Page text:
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ECB Extends QE but Tapers Size

ECB surprised the market by announcing tapering plan for its bond purchases program. The Governing Council decided to extend the program until December 2017. However, the pace would slow down to 60B euro per month from April 2017, compared with the current 80B euro. The market generally anticipated ECB to extend the program for 6 months without changing the pace of purchases. The market was disappointed. German yields spiked to a one-year high. The single currency soared to a one-month high of 1.0872 immediately after the announcement. However, gains were erased with EURUSD dropping more than -1%, as ECB left the door open to extend QE further beyond December 2017 and/or pick up the pace of bond buying again if the economic conditions deteriorate. Despite disappointing in first sight, the ECB has indeed delivered more than the market had anticipated: 9 months*60B euro = 540B euro vs consensus of 6 months*80B euro = 480b euro. Has the ECB has again disappointed the market by doing more?

At the press conference, President Mario Draghi indicated that the "calibrations" announced reflect the "moderate but firming recovery of the euro area economy" and the "subdued underlying inflationary pressures". He added that the members still expect the region’s economy to recover at a "moderate but firming" pace with the risks to growth are skewed to the downside. In answering a question regarding the advantage of extending QE for 9 months at 60B euro per month, over an extension for 6 months a 80B euro per month. Draghi noted that ECB wants to ensure a sustained pressure on market prices, without distorting them of course. He affirmed that the reduction in size does not mean tapering. There were also some changes in the parameters of the QE with the ECB now allowed to buy government bonds which are yielding less than its deposit rate of -0.4%. Moreover, there are some changes to its securities lending program with cash now accepted as collateral.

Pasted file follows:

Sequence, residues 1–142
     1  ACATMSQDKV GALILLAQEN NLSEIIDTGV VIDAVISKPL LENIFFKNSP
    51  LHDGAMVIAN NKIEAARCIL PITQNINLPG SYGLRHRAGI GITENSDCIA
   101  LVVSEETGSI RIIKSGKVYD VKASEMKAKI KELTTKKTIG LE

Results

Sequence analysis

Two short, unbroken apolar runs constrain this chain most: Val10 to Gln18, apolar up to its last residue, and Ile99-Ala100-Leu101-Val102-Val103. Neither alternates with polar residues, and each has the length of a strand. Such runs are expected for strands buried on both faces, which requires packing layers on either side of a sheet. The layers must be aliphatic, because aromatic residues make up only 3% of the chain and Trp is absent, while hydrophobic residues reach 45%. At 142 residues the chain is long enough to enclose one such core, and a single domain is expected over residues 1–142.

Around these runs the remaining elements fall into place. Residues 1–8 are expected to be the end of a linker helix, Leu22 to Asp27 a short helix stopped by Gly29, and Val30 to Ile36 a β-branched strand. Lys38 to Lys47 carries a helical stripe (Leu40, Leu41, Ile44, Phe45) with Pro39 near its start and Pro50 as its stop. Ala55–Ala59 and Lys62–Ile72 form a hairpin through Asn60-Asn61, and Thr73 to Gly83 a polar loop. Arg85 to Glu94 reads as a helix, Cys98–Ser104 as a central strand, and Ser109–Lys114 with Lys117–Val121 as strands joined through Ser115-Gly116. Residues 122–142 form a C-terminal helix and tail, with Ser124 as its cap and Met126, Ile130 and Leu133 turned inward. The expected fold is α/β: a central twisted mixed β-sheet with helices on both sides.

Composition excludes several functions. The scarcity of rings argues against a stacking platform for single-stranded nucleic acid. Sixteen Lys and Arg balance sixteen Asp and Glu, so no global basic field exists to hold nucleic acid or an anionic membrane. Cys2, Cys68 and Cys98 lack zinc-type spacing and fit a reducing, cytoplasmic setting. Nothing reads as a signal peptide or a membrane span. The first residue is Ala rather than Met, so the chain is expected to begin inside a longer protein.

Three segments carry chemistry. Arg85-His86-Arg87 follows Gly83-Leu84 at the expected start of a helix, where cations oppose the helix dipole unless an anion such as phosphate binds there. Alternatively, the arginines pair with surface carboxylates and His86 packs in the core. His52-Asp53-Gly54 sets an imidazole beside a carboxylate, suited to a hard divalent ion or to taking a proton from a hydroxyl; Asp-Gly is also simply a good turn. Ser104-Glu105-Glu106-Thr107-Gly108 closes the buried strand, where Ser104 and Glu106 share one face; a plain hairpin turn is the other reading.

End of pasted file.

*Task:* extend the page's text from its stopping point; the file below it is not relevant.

The Governing Council also released its latest staff economic projections. GDP is now expected to grow by +1.7% in 2016, unchanged from September’s projection, and remain steady at this rate in 2017 (September: 1.6%). However, growth would then moderate to +1.6% in both 2018 and 2019. On inflation, the Eurosystem staff forecast HICP to reach +0.2% this year, unchanged from September’s projection, before accelerating to +1.3% in 2017 (September +1.2%), +1.5% in 2018 (September +1.6%) and +1.7% in 2019. At the press conference, Draghi admitted that inflation forecast of +1.7% in 2019 is not close enough to the +2% target. Draghi believed rising oil prices would eventually feed into inflation. He, however, warned that one should see if "it’s just a one-off effect, whether it has any secondary effects, and if it effects inflation excluding energy costs".

Draghi attempts to calm the market by noting that the program "goes until December 2017 or beyond, if necessary, and until we see a sustained rise in inflation". He added that today’s move was made with "very, very broad consensus".

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